Mitt Romney's adviser on economics

Glenn Hubbard

TEXT OF INTERVIEW

Renita Jablonski: This week on the Marketplace programs, we've been hearing from economic advisors for the presidential candidates. This morning, it's Republican Mitt Romney's turn. His advisor is Glenn Hubbard. Marketplace's Scott Jagow started his conversation with Hubbard about one of the biggest questions facing our economy right now.


Scott Jagow: Well, let's start with the plan to stimulate the economy. What is Mitt Romney's position on that package?

Glenn Hubbard: Well, Governor Romney is concerned about current developments in the economy, and broadly supports the package the president has put forward. He also has suggested the need to remember that making the Bush tax cuts permanent is probably more important stimulus than anything we're talking about today.

Jagow: OK, would that be a centerpiece of his long-term philosophy?

Hubbard: Most definitely. He has said that the cornerstone fiscally is to begin with making the Bush tax cuts permanent. He has other fiscal objectives on the spending side and the tax side, but it starts there.

Jagow: All right, what are some of those?

Hubbard: Well, after stopping the large tax increase that would be in store for us were the tax cuts not make permanent, he has suggested the need to boost military spending and to have spending restraint in the rest of the budget and the need for entitlement reform for long-term budget balance.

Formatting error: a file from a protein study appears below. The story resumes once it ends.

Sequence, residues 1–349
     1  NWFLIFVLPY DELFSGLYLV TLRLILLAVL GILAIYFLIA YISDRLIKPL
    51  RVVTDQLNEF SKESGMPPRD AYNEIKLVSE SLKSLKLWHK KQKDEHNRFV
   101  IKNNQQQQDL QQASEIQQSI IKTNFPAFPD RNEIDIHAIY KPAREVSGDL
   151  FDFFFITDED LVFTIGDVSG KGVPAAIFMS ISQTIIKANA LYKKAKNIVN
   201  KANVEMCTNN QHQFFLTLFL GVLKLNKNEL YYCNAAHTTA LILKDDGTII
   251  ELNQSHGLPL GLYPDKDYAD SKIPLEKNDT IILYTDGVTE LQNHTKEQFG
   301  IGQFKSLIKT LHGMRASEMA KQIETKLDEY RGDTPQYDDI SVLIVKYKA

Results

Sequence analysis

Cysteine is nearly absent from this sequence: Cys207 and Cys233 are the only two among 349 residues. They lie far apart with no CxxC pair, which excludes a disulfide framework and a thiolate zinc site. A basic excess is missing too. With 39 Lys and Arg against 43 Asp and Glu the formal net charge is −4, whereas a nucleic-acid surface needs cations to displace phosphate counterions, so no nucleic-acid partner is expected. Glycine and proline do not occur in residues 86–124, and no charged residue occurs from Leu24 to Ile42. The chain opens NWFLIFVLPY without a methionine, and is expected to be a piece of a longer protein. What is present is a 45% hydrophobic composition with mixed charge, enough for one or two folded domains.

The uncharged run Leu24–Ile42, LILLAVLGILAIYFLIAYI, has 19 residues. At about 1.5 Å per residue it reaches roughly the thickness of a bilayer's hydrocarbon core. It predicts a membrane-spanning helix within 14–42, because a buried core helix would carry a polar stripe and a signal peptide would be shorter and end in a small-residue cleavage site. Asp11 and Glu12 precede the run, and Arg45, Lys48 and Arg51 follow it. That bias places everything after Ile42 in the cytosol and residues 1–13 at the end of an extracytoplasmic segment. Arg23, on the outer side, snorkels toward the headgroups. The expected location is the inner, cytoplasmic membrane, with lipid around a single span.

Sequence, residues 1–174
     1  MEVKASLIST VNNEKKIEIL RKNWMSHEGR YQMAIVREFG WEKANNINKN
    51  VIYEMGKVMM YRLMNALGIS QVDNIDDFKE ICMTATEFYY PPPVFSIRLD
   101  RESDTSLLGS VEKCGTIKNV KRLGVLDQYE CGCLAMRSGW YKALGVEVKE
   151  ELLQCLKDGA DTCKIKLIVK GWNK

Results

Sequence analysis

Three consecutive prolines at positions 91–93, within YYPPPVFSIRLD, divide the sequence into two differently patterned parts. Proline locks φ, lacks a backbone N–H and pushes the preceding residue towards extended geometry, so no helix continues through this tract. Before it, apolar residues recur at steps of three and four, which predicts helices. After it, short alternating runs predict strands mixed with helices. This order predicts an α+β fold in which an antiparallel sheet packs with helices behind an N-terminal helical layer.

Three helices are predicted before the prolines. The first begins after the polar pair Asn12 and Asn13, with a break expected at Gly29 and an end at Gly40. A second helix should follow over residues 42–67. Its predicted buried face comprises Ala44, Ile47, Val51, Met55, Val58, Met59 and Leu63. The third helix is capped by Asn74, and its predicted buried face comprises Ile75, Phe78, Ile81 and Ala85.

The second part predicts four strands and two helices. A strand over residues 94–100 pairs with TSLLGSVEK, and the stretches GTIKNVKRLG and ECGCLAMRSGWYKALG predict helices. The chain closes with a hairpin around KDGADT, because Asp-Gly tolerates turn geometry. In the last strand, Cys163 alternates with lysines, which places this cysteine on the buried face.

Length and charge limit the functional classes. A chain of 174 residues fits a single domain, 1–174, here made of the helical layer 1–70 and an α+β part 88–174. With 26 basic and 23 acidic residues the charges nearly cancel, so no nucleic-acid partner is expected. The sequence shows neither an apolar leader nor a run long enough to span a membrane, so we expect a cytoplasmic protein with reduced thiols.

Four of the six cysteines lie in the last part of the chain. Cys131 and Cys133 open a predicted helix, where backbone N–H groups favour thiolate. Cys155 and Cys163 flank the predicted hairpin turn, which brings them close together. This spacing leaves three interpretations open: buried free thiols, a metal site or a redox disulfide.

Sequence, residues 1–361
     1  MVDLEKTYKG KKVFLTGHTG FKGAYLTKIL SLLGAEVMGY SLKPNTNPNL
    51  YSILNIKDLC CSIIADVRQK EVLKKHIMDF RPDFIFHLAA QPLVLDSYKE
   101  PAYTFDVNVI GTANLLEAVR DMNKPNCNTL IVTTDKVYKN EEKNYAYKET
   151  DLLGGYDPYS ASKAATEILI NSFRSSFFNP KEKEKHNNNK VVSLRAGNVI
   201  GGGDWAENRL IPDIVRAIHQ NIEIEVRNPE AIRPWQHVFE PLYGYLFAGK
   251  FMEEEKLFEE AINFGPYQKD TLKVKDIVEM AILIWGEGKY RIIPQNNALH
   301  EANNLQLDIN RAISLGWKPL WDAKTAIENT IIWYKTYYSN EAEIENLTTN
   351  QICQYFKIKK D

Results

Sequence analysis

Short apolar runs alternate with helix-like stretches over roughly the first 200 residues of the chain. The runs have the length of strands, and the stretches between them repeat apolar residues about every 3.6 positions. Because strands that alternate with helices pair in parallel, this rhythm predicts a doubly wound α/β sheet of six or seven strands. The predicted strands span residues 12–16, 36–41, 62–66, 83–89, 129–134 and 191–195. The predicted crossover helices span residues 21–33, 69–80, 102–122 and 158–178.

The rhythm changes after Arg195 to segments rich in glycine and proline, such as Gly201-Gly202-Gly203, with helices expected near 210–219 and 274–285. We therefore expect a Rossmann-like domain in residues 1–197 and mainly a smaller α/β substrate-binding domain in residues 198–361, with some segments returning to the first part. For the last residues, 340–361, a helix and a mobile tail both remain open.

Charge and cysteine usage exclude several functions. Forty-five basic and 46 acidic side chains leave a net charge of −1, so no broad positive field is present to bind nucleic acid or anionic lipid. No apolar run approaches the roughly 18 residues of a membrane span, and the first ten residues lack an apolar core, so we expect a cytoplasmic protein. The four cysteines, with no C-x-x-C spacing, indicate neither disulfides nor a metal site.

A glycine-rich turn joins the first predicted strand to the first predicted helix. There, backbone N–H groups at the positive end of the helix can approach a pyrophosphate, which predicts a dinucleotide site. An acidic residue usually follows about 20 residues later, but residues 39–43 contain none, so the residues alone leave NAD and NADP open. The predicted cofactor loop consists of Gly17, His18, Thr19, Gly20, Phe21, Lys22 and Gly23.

Jagow: We've talked about the idea of tax cuts. What about the tax system?

Hubbard: Well, he's already proposed removing taxes on saving for all households who make less than $200,000 a year. He's certainly keen to look at tax reform -- particularly in corporate area, where the U.S. now has the second-highest statutory corporate tax rate in the world.

Jagow: What about a more radical approach, something along the lines of the Fair Tax that Governor Huckabee has suggested?

Hubbard: Well, national sales taxes of the level that would be required to fund the federal government are virtually impossible. You know, were you to want a national consumption tax, which has great merit, it would be implemented more on the business side. So it's possible to design a consumption tax that is fair and is more efficient, but that would not be a so-called fair tax.

Jagow: If you had to pick one economic feature of Governor Romney's philosophy, what would you focus on?

Hubbard: Well, that's an easy one, because I think what has distinguished him in his business and political career, and certainly in the presidential race, is his emphasis on openness in the American economy and optimism about our future. He believes that we have an excellent future, as long as we maintain an open economy and an economy that shares its prosperity broadly.

Jagow: Glenn Hubbard. He's an economic adviser for Mitt Romney. Thank you so much.

Hubbard: My pleasure.

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